You can refrain from the placards and protest chants – this isn’t a post about firearms and we have proven that gun control works (*cheekily winks*). Rather, a friend of mine got engaged recently, and I’ve been given the beautiful task of photographing the big day next year.
On that theme, I wanted to talk about how to prep for a photo shoot if you’re just starting out. Photographing an event, whether it’s for a professional dinner, wedding, birthday, portrait session, casually for a friend, is always nerve wracking at first, and I still get quite anxious the night before.
However, I’ve put together a little list of things to remember, or bear in mind, if you find yourself being asked to take photos for the first time for a friend, or for family.
Know your camera
This seems like an obvious thing, and I can see this guy telling me like it is. But seriously, the number of people who have showed me their latest toy whether it be car, phone, camera, computer etc, and who don’t know who to use it to its full potential (let alone the basics), makes me weep internally.
Anyone can point and shoot, apply filter, and hashtag until the cows come home, but you will have to do so much less thinking if you know exactly how your equipment works, how to troubleshoot if something fails, and what settings get you the best results.
Read the users manual. All the cool kids are doing it, promise.
Don’t forget to charge your batteries the night before, and preferably take at least two if you’re going to be recording the entire day (especially if you’re doing video). While battery life is getting better and better with each model of camera coming out, it’s never fun to suddenly run out of juice half way through.
Another embarrassing thing is to run out of space because you don’t have enough memory. If you’re shooting on a DSLR in raw, make sure your SD cards are nice and fast too, preferably class 10 at a minimum (but between you and me, I do have class 4 and 6 rattling about too!)
The faster class means the card allows the camera to save data at a much higher rate, and if you’re taking heaps of photos at a go, a quicker save time is a good thing. You can tell the class by the number enclosed in an incomplete circle on the front of the card.
Food and drink
Depending on what you’re shooting and for how long, you might not have access to any substantive food or drink at the venue. I’ve been very lucky in that all the weddings I’ve taken so far I’ve either been an invited guest or I’ve been factored into the meal plan.
Still, even if canapés or finger food is being provided, that is still no guarantee that you’ll be free enough to even partake in any food, save for a stolen mouthful here and there as the waiter drifts by. Bring your own snacks and a drink bottle of something to keep you fuelled if in doubt.
I’ve experimented over the years and I can pinpoint the exact lenses I used on a shoot that gave me the least satisfaction in the resulting photos. Know your lenses and what they will do for you, know what effect you want and how you can obtain that effect, and then practice with that lens/those lenses until you can achieve exactly what you want. As a beginners note, large zoom lenses, while brilliantly convenient to use, may give you quite flat photos (and a sore wrist), particularly when you’re taking portraits.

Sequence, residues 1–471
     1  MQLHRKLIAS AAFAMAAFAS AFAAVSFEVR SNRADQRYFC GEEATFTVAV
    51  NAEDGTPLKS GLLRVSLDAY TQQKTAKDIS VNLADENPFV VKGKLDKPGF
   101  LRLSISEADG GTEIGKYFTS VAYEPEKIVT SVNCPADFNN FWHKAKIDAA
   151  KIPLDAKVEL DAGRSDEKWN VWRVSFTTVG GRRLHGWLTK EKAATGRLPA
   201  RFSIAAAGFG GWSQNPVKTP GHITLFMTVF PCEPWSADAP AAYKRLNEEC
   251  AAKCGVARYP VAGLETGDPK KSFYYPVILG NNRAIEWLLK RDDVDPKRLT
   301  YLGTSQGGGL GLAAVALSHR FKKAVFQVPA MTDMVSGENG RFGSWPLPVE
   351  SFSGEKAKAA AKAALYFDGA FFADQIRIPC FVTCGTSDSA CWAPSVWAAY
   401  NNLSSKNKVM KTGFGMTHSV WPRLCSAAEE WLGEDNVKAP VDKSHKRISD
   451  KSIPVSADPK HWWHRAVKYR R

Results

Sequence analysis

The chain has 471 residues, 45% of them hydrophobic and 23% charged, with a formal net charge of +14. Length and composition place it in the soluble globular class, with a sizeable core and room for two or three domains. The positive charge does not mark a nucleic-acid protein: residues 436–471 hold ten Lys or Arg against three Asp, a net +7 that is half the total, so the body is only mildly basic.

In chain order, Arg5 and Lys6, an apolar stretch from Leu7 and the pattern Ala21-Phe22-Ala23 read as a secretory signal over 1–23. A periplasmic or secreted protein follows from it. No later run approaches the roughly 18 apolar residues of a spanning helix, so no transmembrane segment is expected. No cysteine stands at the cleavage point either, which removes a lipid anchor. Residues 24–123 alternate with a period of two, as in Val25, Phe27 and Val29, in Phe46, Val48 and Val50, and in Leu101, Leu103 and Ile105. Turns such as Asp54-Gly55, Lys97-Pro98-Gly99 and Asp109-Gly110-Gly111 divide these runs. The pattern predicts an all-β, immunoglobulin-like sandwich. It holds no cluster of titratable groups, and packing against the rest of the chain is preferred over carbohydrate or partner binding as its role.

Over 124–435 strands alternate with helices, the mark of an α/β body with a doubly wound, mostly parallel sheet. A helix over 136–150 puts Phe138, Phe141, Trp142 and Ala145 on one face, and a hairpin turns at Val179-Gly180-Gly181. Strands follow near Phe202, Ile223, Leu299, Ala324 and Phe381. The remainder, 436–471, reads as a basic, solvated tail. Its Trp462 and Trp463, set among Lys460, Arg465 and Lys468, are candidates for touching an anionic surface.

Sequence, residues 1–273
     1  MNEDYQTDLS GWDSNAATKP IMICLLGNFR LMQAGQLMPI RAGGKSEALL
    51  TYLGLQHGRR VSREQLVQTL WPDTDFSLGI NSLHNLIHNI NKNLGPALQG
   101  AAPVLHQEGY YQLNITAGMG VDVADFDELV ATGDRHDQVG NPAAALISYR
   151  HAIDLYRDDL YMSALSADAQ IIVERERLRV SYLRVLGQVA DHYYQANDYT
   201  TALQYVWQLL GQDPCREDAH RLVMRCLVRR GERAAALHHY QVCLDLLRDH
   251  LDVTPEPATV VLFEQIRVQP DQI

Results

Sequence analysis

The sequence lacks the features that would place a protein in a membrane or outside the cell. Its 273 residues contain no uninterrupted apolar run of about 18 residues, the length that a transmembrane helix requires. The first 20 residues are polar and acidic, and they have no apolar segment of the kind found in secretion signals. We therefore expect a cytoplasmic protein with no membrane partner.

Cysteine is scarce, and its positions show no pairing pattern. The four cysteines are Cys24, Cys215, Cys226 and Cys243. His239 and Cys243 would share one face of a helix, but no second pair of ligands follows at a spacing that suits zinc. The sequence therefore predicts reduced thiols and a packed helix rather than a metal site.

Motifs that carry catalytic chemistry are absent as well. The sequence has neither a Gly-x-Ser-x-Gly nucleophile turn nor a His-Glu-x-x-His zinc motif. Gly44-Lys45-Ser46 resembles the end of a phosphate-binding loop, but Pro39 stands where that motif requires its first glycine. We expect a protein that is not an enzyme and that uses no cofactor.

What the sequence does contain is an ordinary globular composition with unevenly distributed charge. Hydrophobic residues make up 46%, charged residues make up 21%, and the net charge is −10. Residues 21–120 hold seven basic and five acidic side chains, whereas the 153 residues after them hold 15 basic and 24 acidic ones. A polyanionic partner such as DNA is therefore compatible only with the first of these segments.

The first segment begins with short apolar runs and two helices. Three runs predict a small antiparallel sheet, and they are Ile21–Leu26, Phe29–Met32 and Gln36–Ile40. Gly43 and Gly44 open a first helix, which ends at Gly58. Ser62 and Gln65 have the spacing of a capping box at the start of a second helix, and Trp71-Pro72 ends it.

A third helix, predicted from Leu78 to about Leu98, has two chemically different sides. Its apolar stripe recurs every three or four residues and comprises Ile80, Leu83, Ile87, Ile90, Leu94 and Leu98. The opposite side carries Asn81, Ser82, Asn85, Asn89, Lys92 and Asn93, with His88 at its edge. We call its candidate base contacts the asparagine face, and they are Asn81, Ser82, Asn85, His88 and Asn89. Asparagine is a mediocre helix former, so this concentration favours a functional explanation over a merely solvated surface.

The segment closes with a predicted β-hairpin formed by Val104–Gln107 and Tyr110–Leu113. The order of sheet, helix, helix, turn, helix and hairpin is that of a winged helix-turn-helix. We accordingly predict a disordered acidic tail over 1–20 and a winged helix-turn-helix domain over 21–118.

I left my huge zoom at home for Nick + Jayd’s day back in March this year (28-300mm) and relied on two primes instead (35mm and 105mm). I still have much to refine in terms of technique, but those primes gave me better artistic range, forced me to compose shots more efficiently, and pushed me creatively due to the fact that I could not merely zoom in or out with a twist of the zoom ring.
I’m currently experimenting with a minimal kit, which means minimal bags. If you’re on a long day shoot where you have to be efficient with time (like on a wedding) as opposed to doing a more editorial or style based shoot (like a portrait session) then you probably don’t want to be hauling multiple bags everywhere and keeping track of your equipment. Once you’ve nailed your photographing style, invest in the best bag you can possibly afford that will grant you easy access to gear, but is also very comfortable to wear. I got my bag from ONA, which is a company based in the US, but is also available in Australia (mine was from here, but they don’t seem to stock my model anymore).
This is Tasmania after all – the day after our first snowfall of the year it was a balmy over 20 degrees and you would never have thought snow was a reality a mere 12 hours before! The sun really burns down here, so if you’re outside and it’s sunny, make sure to SPF up and even have a soft brimmed hat to keep the rays off your face if there isn’t sufficient shade. Sunglasses tan is never a sexy thing.
Conversely, have an umbrella waiting in the car, or at least ensure that your bags and/or your clothes are water resistant to some degree on the off chance that it suddenly starts to rain, a pair of gloves for numb fingers, or a scarf to keep out the roaring 40s.
Make friends with the venue staff
Here’s a personal tip – if you’re shooting at a catered event, make friends with the manager or some of the wait staff. These people are your people – they’re providing a service to paying clients, so professionally you’re all in the same boat. Introduce yourself when you arrive, make chit chat, get to know where the facilities are (toilets, scenic spots etc), and chances are those same staff will make sure you’re fed and watered, and provide you a place to sit or rest between takes.
Do you have any tips I missed out? Comment below and share them, because expanding your knowledge base is always a good thing.